The organization said governments should do more to improve the performance of their economies, such as reducing restrictions on hiring and firing. The report also urged banks to raise more capital as a cushion against risk and to speed efforts to deal with past problems.
Countries that are growing quickly, like some emerging markets, must be alert to the danger of overheating, the group said. "The signs of financial imbalances are there," Mr. Borio said. "That's why we are emphasizing it is important to take further action while the time is still there."
The B.I.S. report said debt levels in many emerging markets, as well as Switzerland, "are well above the threshold that indicates potential trouble." Yet investors show no sign of being deterred. This month, for example, investors snapped up $1.5 billion worth of bonds sold by the government of Kenya. The debt paid an interest rate of 6.875 percent, very low for a country that has deep economic problems and has been rocked by terrorist bombings.
… The overall, somewhat gloomy message from the central bankers was that the world is drunk on easy money and has already forgotten the lessons of recent years.
We have been covering monetary distortions for so long that we are sensitive to much of the doublespeak above. While the BIS does act as a setting where central bankers can discuss monetary policy, this is not merely a talking-shop … These people control most of the money in the world.
If business people with similar power sat around together, they would likely be subject to arrest for meeting in cartel-like circumstances. For some reason, monopoly central banks can get away with meeting every month in Switzerland to coordinate "policy" even though this is monopoly behavior.
We are told, above, that during the mid-2000s boom, resources were misallocated on a grand scale, and that asset bubbles are now in the process of building once more. The BIS simply ignores the money printing that it has supervised. The waves of current central bank money printing have ensured that the misallocations of the Boom have never been unwound and thus, quite logically are growing worse.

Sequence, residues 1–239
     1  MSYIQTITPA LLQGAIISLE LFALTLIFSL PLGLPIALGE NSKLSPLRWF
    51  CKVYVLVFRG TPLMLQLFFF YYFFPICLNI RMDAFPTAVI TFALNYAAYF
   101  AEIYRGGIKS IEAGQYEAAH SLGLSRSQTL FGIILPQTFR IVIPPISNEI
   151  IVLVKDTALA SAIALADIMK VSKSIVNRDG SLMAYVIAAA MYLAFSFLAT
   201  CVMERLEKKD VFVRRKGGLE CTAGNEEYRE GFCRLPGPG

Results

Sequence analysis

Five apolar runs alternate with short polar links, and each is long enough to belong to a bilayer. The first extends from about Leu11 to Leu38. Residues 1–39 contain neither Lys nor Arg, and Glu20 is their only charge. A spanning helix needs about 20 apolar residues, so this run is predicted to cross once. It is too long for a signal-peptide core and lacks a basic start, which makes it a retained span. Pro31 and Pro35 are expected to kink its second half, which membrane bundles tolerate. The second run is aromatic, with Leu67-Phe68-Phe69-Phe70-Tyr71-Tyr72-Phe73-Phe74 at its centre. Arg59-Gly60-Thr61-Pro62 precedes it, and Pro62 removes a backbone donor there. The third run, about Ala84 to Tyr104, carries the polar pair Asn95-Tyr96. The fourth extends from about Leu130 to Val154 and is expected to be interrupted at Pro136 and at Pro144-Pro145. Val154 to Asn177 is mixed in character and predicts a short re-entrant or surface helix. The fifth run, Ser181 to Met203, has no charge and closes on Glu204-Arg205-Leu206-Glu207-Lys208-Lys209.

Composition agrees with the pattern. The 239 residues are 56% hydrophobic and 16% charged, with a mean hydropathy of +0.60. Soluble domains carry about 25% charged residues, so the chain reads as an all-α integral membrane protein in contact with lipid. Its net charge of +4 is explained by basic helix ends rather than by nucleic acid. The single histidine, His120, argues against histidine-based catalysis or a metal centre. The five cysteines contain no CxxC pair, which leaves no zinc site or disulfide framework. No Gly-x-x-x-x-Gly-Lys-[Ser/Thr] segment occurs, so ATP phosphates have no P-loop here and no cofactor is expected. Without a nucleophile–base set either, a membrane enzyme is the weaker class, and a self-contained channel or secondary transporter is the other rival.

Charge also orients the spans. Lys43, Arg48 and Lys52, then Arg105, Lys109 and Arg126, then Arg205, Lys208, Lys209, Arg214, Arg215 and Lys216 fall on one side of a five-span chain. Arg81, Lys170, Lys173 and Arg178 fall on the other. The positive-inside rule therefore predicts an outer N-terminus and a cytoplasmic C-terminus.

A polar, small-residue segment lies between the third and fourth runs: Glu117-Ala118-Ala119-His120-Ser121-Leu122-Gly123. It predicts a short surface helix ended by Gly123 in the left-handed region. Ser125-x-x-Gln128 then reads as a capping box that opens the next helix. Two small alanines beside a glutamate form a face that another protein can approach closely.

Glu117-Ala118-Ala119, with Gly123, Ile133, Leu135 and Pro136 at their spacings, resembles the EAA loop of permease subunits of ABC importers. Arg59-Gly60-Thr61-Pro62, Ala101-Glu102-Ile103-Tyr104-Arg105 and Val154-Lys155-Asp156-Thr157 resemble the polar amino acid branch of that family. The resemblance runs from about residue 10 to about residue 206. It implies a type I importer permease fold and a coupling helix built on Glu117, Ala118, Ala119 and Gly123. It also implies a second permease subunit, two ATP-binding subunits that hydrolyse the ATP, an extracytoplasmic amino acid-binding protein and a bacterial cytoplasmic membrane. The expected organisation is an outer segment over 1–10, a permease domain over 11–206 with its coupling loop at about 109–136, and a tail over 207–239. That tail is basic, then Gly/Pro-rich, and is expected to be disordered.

The organization believes self-servingly that central banks are shouldering a lot of responsibility for fixing the global economy – but so they should. Monopoly central banks fix the rate and volume of available money. No other segment of society has that awesome power.
Of course, if the BIS really wanted to resuscitate the world's economy, it would do away with itself and its members and let market forces create private money that would reflect the realities of industry and inverting. (We'll keep our fingers crossed … )
Finally, we learn that the BIS is concerned the world is drunk on easy money and has already forgotten "the lessons of recent years." In fact, the BIS and its member central banks have made sure the world has STAYED drunk on easy money – money the BIS has helped coordinate and disperse.
It is a devious profession, indeed. First, one ensures that the money taps are wide open for more than half-a-decade. Then one begins to issue warnings about economic overheating as if one were truly concerned. In fact, the BIS and its member central banks intend to continue to print as much money as they can, from what we can tell. They are making head feints every now and then toward raising interest rates but the money injections continue unabated.
We call this current environment a "Wall Street Party." It is probably going to last a while longer. Vast fortunes will be made and ever-bigger bubbles will be blown. Eventually, the entire market will collapse as it has before. Leaders of the BIS and other facilities will then begin to agitate for a fully realizable world economic system. That seems to be the plan.
It will likely take one more big crash to get to a more globalized economic system. And it will be the BIS and central banks that attempt to organize the larger system. After all, they will explain gravely, "We know best! We warned you …"